And I decided to make preserves instead
of just freezing it this time.
The preserves last longer than the frozen.
I tend to eat too much if I turn
it into rhubarb cobbler.
With the preserves I can have a little on the biscuit
many times over.

Rhubarb is pretty stuff.
I chopped it and set it to cook down
I ended up having to use my
hand blender on this batch.
The stalks were a bit old and very stringy.
When I would stick the spoon in to stir
it would become entangled.
So, I made rhubarb goo instead.

I washed and sterilized the jars,
filled them and into my water bath canner.

I love my old water bath canner.
I think it is from the 40's.
I got it at the thrift store for $4!
Woo Hoo!!
I love the rack inside too.
It makes taking the jars in and out
so much easier.

Isn't that a lovely sight?

Sitting and cooling.
One didn't seal
and it lives in my fridge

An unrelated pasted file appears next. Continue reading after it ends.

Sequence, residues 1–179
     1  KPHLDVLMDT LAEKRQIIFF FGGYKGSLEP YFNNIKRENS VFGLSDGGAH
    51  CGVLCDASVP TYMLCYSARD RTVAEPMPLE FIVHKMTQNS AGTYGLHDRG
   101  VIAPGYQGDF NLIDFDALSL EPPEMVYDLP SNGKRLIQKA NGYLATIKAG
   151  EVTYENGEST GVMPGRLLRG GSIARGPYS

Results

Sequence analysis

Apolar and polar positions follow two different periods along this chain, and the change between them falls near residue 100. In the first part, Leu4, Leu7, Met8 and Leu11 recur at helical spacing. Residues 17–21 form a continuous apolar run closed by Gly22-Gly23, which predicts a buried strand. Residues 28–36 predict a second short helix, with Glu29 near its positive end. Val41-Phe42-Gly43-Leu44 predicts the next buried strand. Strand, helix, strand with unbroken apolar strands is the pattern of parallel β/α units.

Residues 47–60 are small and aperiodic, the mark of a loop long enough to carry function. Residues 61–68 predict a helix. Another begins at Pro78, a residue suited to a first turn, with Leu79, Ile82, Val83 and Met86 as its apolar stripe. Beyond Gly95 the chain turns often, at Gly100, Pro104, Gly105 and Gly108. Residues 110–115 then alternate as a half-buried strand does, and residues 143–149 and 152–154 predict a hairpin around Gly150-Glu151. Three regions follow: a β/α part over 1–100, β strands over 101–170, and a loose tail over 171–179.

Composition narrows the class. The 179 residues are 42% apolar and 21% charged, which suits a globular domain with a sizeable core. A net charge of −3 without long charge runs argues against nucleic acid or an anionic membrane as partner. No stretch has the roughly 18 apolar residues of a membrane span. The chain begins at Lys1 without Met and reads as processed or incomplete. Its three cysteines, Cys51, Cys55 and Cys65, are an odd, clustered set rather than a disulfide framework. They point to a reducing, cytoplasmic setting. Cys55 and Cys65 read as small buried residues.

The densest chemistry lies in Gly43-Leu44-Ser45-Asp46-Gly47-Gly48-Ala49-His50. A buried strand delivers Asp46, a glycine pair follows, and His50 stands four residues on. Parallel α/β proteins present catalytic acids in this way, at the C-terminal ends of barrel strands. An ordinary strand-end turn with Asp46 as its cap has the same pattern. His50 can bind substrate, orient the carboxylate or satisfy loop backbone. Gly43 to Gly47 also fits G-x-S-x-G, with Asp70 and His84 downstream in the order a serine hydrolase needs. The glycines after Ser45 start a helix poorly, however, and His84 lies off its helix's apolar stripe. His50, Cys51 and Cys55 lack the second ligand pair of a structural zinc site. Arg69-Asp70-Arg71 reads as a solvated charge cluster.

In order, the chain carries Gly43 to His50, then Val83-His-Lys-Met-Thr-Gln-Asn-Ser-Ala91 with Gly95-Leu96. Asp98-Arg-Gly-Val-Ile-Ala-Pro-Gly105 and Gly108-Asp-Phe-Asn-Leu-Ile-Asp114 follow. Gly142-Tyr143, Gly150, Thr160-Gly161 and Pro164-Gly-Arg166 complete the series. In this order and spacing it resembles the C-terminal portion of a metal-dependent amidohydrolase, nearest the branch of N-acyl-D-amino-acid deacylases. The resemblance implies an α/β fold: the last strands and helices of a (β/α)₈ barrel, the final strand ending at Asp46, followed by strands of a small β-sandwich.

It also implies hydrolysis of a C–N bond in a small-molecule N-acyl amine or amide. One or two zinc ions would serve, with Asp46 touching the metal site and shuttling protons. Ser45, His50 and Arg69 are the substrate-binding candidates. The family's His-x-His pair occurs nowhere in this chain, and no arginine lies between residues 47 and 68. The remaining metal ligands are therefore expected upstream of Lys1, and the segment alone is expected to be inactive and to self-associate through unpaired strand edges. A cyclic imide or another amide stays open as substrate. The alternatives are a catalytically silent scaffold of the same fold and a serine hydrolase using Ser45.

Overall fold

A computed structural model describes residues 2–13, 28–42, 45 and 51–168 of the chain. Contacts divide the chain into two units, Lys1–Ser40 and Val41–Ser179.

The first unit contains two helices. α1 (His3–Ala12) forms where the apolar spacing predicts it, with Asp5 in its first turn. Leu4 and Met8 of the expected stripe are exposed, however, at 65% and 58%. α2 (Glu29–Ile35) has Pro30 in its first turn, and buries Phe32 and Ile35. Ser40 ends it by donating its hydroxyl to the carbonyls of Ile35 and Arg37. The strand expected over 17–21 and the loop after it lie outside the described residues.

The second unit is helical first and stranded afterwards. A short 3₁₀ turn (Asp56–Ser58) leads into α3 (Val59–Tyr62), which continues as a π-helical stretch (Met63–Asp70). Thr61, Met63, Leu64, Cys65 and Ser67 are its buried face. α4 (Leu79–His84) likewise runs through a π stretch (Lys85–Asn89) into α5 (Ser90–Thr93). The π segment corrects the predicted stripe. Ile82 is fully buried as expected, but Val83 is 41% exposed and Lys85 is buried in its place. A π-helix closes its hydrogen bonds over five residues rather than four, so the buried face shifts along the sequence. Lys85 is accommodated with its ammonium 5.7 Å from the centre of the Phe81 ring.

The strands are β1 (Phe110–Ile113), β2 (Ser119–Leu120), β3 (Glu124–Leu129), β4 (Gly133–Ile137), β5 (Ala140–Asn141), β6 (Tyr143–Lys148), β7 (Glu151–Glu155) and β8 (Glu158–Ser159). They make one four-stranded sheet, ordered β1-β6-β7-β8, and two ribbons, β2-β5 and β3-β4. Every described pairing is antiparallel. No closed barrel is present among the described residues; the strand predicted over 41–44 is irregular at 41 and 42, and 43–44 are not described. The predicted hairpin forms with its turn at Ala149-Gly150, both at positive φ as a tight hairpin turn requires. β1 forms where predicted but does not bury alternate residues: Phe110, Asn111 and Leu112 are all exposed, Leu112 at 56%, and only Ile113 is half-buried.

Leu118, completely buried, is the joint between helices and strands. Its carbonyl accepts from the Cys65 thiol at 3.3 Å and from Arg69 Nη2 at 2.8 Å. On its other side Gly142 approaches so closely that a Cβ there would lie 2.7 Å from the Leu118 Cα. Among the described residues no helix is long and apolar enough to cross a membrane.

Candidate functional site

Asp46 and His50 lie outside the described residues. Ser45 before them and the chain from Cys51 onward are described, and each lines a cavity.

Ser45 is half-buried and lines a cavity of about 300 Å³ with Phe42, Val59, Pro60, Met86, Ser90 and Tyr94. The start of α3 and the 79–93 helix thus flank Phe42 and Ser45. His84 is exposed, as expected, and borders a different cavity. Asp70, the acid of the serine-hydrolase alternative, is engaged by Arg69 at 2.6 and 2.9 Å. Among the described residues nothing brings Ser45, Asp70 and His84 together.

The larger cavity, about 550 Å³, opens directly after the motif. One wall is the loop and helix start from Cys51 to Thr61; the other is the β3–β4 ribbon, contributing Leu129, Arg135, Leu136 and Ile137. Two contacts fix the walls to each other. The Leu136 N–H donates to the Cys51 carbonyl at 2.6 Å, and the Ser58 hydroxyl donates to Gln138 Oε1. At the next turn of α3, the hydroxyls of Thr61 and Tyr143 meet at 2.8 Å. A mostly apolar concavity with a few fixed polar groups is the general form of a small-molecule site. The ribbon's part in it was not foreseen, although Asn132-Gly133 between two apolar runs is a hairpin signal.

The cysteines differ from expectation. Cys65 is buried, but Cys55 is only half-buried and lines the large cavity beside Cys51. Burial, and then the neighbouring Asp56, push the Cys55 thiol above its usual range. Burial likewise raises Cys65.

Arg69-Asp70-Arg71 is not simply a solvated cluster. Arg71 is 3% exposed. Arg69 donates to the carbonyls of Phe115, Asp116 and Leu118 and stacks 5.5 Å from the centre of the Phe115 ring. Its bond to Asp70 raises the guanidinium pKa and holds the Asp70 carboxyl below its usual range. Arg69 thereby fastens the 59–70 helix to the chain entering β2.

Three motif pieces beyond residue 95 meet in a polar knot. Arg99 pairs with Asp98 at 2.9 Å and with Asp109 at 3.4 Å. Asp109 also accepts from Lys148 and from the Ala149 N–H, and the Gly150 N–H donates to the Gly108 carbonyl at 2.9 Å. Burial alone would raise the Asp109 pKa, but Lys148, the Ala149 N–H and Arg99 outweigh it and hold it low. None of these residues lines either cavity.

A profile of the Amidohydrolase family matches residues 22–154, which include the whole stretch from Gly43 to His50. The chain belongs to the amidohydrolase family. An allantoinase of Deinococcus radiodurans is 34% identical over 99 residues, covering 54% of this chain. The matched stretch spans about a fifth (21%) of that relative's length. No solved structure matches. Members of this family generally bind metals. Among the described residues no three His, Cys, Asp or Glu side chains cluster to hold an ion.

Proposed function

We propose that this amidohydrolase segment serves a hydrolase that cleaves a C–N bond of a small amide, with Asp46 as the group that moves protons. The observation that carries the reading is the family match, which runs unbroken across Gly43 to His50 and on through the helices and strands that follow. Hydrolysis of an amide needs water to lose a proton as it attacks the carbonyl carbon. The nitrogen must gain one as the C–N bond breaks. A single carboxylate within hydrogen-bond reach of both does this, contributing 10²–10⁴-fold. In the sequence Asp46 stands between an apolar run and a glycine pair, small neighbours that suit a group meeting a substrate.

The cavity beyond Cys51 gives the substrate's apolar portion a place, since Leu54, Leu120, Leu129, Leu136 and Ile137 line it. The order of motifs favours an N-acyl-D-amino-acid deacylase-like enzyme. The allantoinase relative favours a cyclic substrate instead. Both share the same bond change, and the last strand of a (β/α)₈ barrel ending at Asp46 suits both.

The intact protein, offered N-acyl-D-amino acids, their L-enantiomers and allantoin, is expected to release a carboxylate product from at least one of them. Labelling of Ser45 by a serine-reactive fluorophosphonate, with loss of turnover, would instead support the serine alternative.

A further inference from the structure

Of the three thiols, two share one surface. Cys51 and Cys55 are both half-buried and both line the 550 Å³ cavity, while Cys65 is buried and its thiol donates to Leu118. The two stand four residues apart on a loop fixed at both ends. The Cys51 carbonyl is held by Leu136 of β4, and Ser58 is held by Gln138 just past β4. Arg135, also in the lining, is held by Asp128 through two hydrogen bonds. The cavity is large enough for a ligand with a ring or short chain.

ready to use.
I need to make biscuits.

Tuesday, August 4, 2009

The Simple Life...

I keep coming across the phrase or description "The Simple Life'
in reference to lifestyle.
As in, 'I want to live the simple life'
or, "I want to get back to a simpler way of life.'

And I have decided that this bugs me... deeply.
So I did a wee bit of digging on the word 'simple'.

In many ways I suppose it is appropriate.
Meanings such as 'humble', 'unadorned' can fit I suppose,
as can 'unaffected'. When I catch my reflection
in the kitchen window in the evening
I fit some of those.
I am most definitely unadorned unless you
count a wisp of straw and streaks of dirt.
And I am unaffected in my dress and
hairstyle (or lack there of..the hairstyle, not the dress)